homo the tiagedy occult ml tit Colum
bus , Is well known by old Not folk set
tlers. Mark was a hard wet king In
dustrious man while In Norfolk. He
\\IIH employed as n mud mlxoi.
, Sam Goon , father of the dead man ,
took with him $150 which he mild ho
| would spend to bring the body of his
sou back to Norfolk.
Doth Hit by Train.
Valentino , Neb. . Sept. 10. Special
to The News. A man and wife by the
name of Leo , from Brownleo , Neb. ,
' were struck by passenger train No. 1
at Wood Lake , Neb. , last night at
about S o'clock.
It seems that Mr. Leo and his wlfo
and llttlo gltl were waiting for the1
train and just as the tialn was pulling
In the little girl suddenly ran across
the track. The father Immediately
tan actoss after hot and for some tin
I known icason the mother also stalled ,
I but hipped and fell onto the hack.
Mi. Lee jumped bnik to get his wlfo , j
1 and just as he picked her up the tiain '
I struck them , thiovving Mr. Leo to one
'side ' and diagging the woman along' '
the hack until the tialn could bo' '
liought to a stop. Both man and wo
man weie Injured and weiu hi ought
to Valentino and put under a physl-
cl.in'b care. Veiy llttlo liopo foi the
woman's reto\cry is held.
The Climate You Live in.
Like to know what kind of climate
jou'ro Ihing in ? The weather buieau
has just issued a bulletin giving a
minimal y of the normal weather of
northeastern Ncbiaska. And heie it
The tenltory co\oied by this dis
cussion embraces the noitheastorn
portion of the state north of latitude
11 degrees , and extending westward
to the eastom hot dot of Custoi conn-
t > , 01 slightly west of the 99th meri
dian. It compilses slightly less than
20,000 squaie miles , which is 20 per
cent of the aiea of the state. The
population in this icgion aveiagud , in
1900 , 21 poisons to the squaic mile.
The elevation is a little mote than
1,000 leot along the eastoin boundaiy ,
but ilses stoadilv wcbtw.nd to a lit
tle moi e than 2,000 leot at the wcstem
bolder. The slope is mainly eastwatd ,
but theio ib also a vei.v blight slope
southvvaid. Neatly all ot this section
is within the gip.it fcitile loess plains
region of Nobt.isKa. The sandhill 10-
gion , however , touches the wostein
counties in this \lcinity the suilaco
soil contains a large percentage of
sand. The loess plains ate usually
binooth , but here and theio are shal
low drainage ways and slight knoll-
like ele\ations. The ihers aie broad
and ( low in bioadalleys. .
The region ib drained in the main
by the Platte ihei and its blanches ,
but a bhip some 20 to 50 miles wide
along the 1101 thorn and eabtein bolder
is drained by the Niobrara and Mls-
souii rivers. Of the tilbutailes of the
Platte , the Loup with itb many branch
es , most ot which ilse in the sand
hill region to the west of the area
considered in this dicussion , drains
the southwestein pait of this section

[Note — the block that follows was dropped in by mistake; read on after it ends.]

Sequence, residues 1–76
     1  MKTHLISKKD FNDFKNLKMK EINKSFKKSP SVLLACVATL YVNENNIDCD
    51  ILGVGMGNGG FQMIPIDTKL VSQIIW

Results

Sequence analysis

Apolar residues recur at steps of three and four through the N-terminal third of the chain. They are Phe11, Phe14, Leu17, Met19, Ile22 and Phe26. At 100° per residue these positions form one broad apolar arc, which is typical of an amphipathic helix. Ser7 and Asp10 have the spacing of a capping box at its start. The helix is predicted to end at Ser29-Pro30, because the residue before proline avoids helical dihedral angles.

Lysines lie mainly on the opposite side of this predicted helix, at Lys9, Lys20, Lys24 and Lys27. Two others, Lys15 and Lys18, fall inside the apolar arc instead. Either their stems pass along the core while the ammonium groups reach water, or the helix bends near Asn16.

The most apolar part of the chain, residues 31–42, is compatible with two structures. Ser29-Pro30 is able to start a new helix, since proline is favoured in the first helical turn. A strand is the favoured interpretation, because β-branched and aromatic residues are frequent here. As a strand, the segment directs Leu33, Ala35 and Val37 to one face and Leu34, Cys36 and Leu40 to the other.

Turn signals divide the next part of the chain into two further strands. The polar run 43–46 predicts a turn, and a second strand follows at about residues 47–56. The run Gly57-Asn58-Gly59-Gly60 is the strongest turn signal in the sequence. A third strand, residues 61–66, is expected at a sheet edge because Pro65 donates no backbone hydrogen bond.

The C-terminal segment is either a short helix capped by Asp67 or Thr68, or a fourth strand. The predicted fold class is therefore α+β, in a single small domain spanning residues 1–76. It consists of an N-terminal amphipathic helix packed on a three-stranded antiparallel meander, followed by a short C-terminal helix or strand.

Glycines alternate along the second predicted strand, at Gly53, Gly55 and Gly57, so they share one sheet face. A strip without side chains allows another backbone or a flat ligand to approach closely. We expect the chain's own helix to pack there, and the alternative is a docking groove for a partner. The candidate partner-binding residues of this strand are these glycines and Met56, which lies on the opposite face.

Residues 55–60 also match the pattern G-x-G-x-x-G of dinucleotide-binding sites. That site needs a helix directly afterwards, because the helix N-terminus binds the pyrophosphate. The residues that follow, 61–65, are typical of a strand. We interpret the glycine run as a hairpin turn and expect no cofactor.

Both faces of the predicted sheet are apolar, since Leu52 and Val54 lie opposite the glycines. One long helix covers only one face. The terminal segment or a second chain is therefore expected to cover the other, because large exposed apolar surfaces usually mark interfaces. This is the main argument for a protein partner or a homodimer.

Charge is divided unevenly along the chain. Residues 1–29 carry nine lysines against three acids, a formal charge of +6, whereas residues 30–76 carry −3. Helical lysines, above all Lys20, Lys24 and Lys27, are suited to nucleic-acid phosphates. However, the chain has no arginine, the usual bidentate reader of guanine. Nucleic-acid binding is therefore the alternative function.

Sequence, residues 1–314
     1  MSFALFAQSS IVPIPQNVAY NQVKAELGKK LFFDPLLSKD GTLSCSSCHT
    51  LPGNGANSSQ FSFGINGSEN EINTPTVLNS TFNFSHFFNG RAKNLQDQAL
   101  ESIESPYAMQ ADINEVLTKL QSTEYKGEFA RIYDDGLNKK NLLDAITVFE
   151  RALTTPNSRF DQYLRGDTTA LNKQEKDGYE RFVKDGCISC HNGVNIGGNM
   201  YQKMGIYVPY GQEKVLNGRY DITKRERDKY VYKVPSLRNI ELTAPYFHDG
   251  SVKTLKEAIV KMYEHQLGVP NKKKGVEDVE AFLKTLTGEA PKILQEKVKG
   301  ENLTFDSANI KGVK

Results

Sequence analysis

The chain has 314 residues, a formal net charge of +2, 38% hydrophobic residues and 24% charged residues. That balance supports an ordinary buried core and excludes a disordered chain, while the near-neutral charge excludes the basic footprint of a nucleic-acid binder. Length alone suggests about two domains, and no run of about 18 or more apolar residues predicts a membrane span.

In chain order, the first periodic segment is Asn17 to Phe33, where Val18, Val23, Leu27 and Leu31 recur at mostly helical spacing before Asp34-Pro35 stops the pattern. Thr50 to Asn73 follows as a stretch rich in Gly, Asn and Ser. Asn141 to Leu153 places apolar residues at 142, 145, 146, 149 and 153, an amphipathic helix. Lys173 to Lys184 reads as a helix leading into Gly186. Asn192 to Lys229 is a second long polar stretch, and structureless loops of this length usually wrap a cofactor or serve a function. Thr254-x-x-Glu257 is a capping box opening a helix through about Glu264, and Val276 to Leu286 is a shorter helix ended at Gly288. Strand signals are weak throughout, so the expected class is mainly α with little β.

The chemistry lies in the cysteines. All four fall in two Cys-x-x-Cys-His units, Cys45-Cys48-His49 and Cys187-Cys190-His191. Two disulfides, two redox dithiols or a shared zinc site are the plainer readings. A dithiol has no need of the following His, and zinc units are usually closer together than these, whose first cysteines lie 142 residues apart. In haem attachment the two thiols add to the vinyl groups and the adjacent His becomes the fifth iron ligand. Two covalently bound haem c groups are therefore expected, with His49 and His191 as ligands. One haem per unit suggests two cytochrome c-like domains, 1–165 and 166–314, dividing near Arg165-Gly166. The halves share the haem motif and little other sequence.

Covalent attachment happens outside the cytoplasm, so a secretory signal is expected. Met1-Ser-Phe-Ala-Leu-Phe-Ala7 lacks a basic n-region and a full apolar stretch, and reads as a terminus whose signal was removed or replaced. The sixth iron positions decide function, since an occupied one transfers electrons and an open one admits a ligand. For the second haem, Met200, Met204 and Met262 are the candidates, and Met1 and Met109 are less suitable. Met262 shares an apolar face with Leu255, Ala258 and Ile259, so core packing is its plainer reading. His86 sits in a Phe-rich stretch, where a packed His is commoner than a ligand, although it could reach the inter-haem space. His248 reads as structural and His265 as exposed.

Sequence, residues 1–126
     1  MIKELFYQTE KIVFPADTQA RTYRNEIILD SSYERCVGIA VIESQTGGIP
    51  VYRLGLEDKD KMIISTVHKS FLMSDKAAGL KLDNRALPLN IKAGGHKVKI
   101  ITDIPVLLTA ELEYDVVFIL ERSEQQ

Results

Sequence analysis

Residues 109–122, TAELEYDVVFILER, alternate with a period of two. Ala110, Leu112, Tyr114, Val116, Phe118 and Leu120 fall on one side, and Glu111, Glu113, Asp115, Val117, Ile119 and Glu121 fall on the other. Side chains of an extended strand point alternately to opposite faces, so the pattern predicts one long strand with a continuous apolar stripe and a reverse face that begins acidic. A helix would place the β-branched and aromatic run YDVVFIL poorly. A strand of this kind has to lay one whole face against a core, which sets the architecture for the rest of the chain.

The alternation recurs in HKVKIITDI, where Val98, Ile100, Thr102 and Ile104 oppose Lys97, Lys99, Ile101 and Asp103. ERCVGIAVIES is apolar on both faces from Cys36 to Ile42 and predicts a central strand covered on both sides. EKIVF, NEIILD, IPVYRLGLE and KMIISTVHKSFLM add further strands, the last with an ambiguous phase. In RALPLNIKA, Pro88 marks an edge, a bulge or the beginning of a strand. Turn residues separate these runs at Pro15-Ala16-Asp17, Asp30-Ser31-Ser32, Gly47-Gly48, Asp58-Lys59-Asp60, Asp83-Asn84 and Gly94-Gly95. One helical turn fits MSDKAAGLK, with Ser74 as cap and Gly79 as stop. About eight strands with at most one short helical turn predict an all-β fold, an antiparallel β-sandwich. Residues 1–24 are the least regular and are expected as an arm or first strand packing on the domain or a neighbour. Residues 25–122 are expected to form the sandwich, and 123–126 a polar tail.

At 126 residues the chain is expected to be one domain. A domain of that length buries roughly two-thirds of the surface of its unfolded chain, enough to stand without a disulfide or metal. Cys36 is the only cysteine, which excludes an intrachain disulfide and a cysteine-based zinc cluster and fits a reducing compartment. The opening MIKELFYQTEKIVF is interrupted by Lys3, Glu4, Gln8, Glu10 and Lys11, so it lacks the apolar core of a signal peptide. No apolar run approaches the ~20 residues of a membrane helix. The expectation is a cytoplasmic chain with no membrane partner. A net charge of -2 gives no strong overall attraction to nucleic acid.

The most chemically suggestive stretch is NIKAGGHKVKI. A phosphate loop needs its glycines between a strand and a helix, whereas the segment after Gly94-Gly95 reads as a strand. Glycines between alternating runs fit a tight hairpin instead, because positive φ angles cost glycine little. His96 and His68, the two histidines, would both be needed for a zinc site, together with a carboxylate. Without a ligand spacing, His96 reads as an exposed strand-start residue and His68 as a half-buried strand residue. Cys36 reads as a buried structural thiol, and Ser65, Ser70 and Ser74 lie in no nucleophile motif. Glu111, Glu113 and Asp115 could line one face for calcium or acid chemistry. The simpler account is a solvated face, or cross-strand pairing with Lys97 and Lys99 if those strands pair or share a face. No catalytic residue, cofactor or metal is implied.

- . and empties into the Platte river near
Columbus. The Elkhorn river , anoth
er bianch of the Platte , rlbes in the
northwestern portion of this territory
and llpws southeastward , emptying
into tlie Platte river near its union
with the Missouri rivet. Most of this
territory is a rich farming region rap
idly being occupied by settlers.
The smooth , e\en chat actor of the
surface soli tends to prevent - any
f marked peculiarities in climate.
B There is , however , a slight difference
'due ' to latitude and elevation as well .
j as to Uie iclative distance from large
Y bodies of water and extensive moiin-
1 j tain i.uigps
I The precipitation is commonly con-
1 bidered the most impoitant climatic '
factor and it Is given in considerable !
detail in the accompanying tables ,
' which show the amounts by months
' i and years at a number of stations
from the beginning of observations to
2 the end of 1908
' The avoiage niinu.il pieclpitatlon do
; creases fiom , ' 105 inches in the south'
3 eastern pottion to 22.5 Indies In the
1 t extieme northwestern. From 75 tc
I 78 percent of this falls in the growing
season , Apt 11 to September , inclusive ,
t About 35 percent , ot tathcr moie than
1 12 incliob , falls duiing the tlnee
3 months of May , June and July. The
time of maximum tninfnll occurs in
3 June. The normal precipitation for
1 the driest montlib , November , Dcccm-
3 her. Jannaiy and February , is about
3 three-fourths of an inch each , and thus
I only about one-ninth of the annual '
s amount falls In these four months.
3 Most of the rainfall In the summer
i months occurb in stoims accompanied
' - . by thunder and lightning , and often
I with heavy lainfnlls for n short time ,
f Somewhat more than half of the rainfall -
; fall of May , June and July occurs In
i rains of 1 00 inch or more in 21 hours ,
' In most jeats at le.ist n part of the
i section is visited by n storm with a
; rainfall of 2 to 3 inches In 21 houis ,
| In a few Instances amounts from 5
to C Inches have fallen In 24 hours ,
r The lalntall in May and Juno is usual
ly well dialUnited ! nnd drought periods
during these months arc almost un
known. In July the dlsttibiitlon Is not
3 [ quite ns good. On the average rain
o falls about every fourth day during
the three months , May , Juno and July.
From 70 to 75 days with .01 inch
or more of precipitation occur In the
eastern portion of the section , but the
number decreases to CO or G5 In the
The average annual snowfall la
slightly more than 25 Inches It Is
heaviest In the northern nnd eastern
t parts of the section , but the difference